In the first chapter of the new book Virtualpolitik: An Electronic History of Government Media-Making in a Time of War, Scandal, Disaster, Miscommunication, and Mistakes, author Elizabeth Losh discusses an open hearing held in May 2006 by the United States House Permanent Select Committee on Intelligence entitled "Terrorist Use of the Internet". Of primary interest was a video posted online of footage from a video game, created by someone calling himself "SonicJihad". It shows Muslim terrorists destroying the tanks and helicopters of "infidels", yelling "Allah Akbar!", and raising a green-and-white flag emblazoned with the Star and Crescent. The video was condemned as an atrocious example of terrorist groups recruiting young people through interactive entertainment. Reuters ran a news story headlined: "Islamists using US video games in youth appeal".

There was one little problem with the committee's target: It wasn't created by al Qaeda, or anyone associated with any Muslim terrorist organization. It was a fan video, put together by a hospital administrator from Holland who just wanted to show off clips of him playing his favorite video game, Battlefield 2. Although some witnesses at the hearing insisted that the game had been modded to provide Islamic terrorist clothing and symbols, even this was wrong: nothing had been modded. The game's official Special Forces Expansion Pack made all of the al Qaeda lookalikes possible. As for the "Allah Akbar!"s, SonicJihad just swiped samples from the Anthony Quinn movie Lion of the Desert, and punctuated it with clips from (I swear to Allah I'm not making this up) Team America: World Police. The following speech, for example, is heard at the start of the video, during images of US choppers and tanks rolling into town:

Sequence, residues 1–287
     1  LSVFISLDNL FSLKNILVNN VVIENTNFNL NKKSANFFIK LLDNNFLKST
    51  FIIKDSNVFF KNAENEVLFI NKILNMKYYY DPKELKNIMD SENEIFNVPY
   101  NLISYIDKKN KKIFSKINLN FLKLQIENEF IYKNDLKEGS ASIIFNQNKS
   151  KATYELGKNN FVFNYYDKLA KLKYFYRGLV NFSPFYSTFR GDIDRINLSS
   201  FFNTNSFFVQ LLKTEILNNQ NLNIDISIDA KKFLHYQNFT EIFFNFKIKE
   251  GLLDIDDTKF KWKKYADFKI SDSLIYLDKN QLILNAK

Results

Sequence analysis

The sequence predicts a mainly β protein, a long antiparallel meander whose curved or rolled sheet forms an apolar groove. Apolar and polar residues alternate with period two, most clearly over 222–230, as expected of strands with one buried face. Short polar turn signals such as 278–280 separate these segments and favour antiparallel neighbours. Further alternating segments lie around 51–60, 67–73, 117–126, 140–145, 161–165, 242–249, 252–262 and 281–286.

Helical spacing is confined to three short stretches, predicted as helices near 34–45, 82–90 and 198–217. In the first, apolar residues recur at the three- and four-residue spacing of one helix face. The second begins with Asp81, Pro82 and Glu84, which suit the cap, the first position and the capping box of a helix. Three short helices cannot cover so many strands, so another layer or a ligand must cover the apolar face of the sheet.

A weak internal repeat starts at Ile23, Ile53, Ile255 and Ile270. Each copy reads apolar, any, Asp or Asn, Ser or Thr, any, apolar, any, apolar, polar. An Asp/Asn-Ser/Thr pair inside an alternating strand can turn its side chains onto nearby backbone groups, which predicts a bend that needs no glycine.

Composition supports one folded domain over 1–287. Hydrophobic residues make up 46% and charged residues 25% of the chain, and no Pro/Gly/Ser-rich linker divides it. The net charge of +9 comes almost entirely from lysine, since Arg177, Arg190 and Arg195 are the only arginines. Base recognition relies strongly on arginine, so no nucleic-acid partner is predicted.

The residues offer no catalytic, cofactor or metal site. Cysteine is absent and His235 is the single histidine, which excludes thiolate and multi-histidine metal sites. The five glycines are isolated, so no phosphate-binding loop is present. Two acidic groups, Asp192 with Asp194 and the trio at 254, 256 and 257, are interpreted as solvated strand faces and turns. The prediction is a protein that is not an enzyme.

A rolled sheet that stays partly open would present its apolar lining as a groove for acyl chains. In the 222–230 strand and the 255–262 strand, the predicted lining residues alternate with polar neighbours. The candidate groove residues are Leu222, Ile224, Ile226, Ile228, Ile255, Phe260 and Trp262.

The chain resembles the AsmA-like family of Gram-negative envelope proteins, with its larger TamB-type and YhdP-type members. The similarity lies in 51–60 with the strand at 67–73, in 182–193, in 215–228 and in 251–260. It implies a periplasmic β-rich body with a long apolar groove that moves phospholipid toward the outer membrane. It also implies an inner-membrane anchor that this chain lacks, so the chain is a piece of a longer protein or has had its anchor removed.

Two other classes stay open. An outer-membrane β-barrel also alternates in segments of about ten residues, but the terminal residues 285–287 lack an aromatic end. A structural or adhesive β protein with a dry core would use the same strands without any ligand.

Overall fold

I was just a boy when the infidels came to my village in their Blackhawk helicopters. The infidels fired at the oil fields and they lit up like the eyes of Allah. Burning oil rained down from the sky and cooked everything it touched. I could only hide myself and cry as my goats were consumed by the fiery black liquid death. In the midst of the chaos, I could swear that I heard my goats screaming for help. As quickly as they had come, the infidels were gone. It was on that day I put a jihad on them.
Leaving aside my sadness that, apparently, no one on the committee had seen Team America, isn't it bizarre that no one laughed at that ridiculous line about goats screaming?

What I Think

A number of things interest me about this incident. First of all, the guy (whose real name is Samir) chose the moniker "SonicJihad" after an album by the Oakland rapper Paris. (I should point out right now that I despise the cover of that album, and disagree strongly with his claim — from which the cover originates — that 9/11 was orchestrated by the Bush administration, part of the whole silly "9/11 Truth" movement stuff.) Conspiracy disagreements aside, I really like Paris' music, and I was amused to see a reference to what is, overall, a good album. (One track, "Sheep to the Slaughter", protests the discrepancy between those who stress the need for war — usually rich politicians and pundits — and those who fight wars — usually poor folks, often ethnic "minorities".)

I'm also intrigued by the use of Battlefield 2, a game which I love dearly. (I would point out that I only ever played the console versions, which were smaller but basically the same.) Samir/SonicJihad was quite right when he pointed out in a 2006 interview that BF2 makes no sense as a terrorist recruiting tool, because its morality is completely ambiguous: